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Our View: Afrika attack scary show of Turkish influence in north

The crowds outside Afrika on Monday

What took place outside Afrika newspaper’s offices in north Nicosia on Monday was scary. An angry mob of ultranationalists gathered outside the building, waving Turkish flags, throwing rocks at the newspaper’s office and smashing windows. They then climbed on to the balcony and entered the premises, but were prevented from attacking staff by the police which arrived just in time. Nobody could say what would have happened if the police were a few minutes later arriving.

More police eventually arrived and dispersed the crowd, which went to ‘parliament’, across the road, where the swearing in of the newly-elected ‘MPs’ was taking place. Things may have quietened down on Tuesday, but what happened is a worrying sign of the way things are changing in the north. The intolerance and authoritarianism of President Erdogan have reached the north, where there seem to be plenty of fanatics intent on crushing his critics. All that is needed is Erdogan’s signal, which, in this case, was given by the president himself.

Afrika published an article on Sunday saying that Turkey’s military operation in Syria was like Turkey’s invasion of Cyprus, a view that was bound to provoke the anger of nationalists. What was amazing was that Erdogan also expressed anger over the article, calling “on my brothers in north Cyprus to give the necessary response.” This was incitement to violence by Turkey’s head of state who seems so intolerant of criticism that he turned his local heavies against a low circulation newspaper, of little influence, in north Cyprus for daring to question his Syria policy.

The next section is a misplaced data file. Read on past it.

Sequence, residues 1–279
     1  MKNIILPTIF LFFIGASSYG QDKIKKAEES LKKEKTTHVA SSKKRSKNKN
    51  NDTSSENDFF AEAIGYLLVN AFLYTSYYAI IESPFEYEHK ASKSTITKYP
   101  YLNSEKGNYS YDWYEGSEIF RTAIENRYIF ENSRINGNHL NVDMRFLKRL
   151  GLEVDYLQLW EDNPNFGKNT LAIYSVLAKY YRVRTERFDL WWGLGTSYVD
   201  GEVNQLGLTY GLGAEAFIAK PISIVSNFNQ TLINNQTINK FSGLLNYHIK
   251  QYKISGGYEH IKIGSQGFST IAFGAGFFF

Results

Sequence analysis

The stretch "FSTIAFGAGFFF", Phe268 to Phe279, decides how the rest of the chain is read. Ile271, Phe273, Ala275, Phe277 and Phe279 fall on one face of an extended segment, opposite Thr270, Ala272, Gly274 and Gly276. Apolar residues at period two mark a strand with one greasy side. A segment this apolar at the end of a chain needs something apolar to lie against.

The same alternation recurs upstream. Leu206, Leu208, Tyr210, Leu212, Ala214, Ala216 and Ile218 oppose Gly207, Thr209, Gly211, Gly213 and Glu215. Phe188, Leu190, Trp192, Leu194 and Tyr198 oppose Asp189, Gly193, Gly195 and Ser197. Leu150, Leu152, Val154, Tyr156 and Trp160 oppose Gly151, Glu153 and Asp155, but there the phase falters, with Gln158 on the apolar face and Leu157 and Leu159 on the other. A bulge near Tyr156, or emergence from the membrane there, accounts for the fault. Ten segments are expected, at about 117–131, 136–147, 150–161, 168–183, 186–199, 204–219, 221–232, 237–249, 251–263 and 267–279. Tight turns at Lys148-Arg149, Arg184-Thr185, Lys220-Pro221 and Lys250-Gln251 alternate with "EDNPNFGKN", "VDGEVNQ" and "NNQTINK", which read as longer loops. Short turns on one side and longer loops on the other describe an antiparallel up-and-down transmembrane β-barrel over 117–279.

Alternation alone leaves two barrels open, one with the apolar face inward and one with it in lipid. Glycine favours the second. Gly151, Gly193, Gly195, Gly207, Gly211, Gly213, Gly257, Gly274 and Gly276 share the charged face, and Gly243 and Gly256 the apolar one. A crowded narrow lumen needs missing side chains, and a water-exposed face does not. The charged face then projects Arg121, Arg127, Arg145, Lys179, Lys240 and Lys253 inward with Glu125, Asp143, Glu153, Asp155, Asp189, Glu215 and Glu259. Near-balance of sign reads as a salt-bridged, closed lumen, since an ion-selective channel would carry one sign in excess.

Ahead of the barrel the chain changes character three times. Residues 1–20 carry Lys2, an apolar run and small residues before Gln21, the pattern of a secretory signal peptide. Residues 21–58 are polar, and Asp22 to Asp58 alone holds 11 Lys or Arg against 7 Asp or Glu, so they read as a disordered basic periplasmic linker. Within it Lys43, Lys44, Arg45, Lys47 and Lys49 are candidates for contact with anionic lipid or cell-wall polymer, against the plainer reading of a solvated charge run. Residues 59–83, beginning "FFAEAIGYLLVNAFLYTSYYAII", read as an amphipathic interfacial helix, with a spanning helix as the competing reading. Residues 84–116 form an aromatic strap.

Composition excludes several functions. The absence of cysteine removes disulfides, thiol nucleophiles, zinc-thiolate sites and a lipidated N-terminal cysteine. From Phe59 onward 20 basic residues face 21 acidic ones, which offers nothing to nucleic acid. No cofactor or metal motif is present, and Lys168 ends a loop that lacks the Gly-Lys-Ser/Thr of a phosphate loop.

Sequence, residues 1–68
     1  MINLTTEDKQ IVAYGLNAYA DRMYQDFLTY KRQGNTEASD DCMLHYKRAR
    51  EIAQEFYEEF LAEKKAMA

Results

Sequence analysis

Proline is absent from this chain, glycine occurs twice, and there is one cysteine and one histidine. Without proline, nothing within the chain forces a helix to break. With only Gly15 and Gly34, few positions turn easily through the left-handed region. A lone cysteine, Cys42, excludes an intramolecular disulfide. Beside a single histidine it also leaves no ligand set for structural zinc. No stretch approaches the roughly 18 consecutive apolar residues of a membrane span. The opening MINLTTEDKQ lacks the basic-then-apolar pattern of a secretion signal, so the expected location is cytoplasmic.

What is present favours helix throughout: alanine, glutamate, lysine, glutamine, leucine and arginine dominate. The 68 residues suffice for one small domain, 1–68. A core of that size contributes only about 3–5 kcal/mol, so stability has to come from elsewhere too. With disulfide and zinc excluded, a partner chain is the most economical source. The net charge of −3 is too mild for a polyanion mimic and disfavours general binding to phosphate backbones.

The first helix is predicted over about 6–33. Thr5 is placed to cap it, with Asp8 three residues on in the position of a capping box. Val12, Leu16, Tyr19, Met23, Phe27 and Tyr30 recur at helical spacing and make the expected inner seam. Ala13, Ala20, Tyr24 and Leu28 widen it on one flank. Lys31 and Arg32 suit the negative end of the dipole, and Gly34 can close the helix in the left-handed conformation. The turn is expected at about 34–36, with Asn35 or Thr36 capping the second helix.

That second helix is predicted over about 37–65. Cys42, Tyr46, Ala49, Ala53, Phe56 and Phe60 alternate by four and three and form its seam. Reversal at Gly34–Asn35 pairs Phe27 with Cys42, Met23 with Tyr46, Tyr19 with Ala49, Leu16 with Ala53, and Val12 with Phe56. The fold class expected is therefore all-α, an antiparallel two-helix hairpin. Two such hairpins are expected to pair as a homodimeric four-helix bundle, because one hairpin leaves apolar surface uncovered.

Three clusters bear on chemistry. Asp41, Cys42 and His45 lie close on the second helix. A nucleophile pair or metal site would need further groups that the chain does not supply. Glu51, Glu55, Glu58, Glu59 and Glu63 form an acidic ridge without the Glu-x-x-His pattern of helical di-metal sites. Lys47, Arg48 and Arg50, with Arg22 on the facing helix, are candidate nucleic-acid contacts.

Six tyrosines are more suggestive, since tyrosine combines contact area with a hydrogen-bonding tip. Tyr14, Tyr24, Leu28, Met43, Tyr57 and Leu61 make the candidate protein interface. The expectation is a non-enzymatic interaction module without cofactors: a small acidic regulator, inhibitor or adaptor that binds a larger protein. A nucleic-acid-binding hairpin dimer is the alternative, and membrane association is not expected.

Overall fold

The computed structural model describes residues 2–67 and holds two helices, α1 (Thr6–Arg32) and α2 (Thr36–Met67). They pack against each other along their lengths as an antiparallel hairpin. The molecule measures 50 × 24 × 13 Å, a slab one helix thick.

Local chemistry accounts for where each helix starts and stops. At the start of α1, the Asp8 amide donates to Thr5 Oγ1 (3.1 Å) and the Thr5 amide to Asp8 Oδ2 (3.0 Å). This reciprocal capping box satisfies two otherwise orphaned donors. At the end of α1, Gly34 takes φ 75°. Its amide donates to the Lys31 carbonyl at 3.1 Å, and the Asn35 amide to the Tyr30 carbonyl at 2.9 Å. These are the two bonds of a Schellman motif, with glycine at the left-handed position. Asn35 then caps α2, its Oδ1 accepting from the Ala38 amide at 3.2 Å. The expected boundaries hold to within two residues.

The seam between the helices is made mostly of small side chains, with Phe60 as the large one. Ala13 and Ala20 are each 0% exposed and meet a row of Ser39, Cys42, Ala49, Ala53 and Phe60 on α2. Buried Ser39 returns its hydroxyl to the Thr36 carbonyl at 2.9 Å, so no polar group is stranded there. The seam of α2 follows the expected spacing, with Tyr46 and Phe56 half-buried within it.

His authoritarian mentality has its representatives in the north, where one of Erdogan’s henchmen, the local representative of Turkey’s Justice and Development Party, demanded the closing down of Afrika, saying “only a Greek Cypriot paper could be so traitorous and cowardly.” Erdogan’s authoritarianism and contempt for Western liberal values has not just reared its ugly face in the north but there are also plenty of extremists eager to enforce it; not a positive development for the Turkish Cypriots.

Turkish Cypriot leader Mustafa Akinci said all the right things about the violence. While he disagreed with Afrika’s view and defended Turkey’s military action in Afrin, he condemned the violence and called for respect for the right of freedom of expression. In a way, it was indicative of the situation in the north that Akinci was jeered by the mob outside Afrika when he approached and was forced to get in his car and leave the scene. The fanatics were acting on higher orders and showed as much respect for their ‘president’ as they did for the right of free speech.

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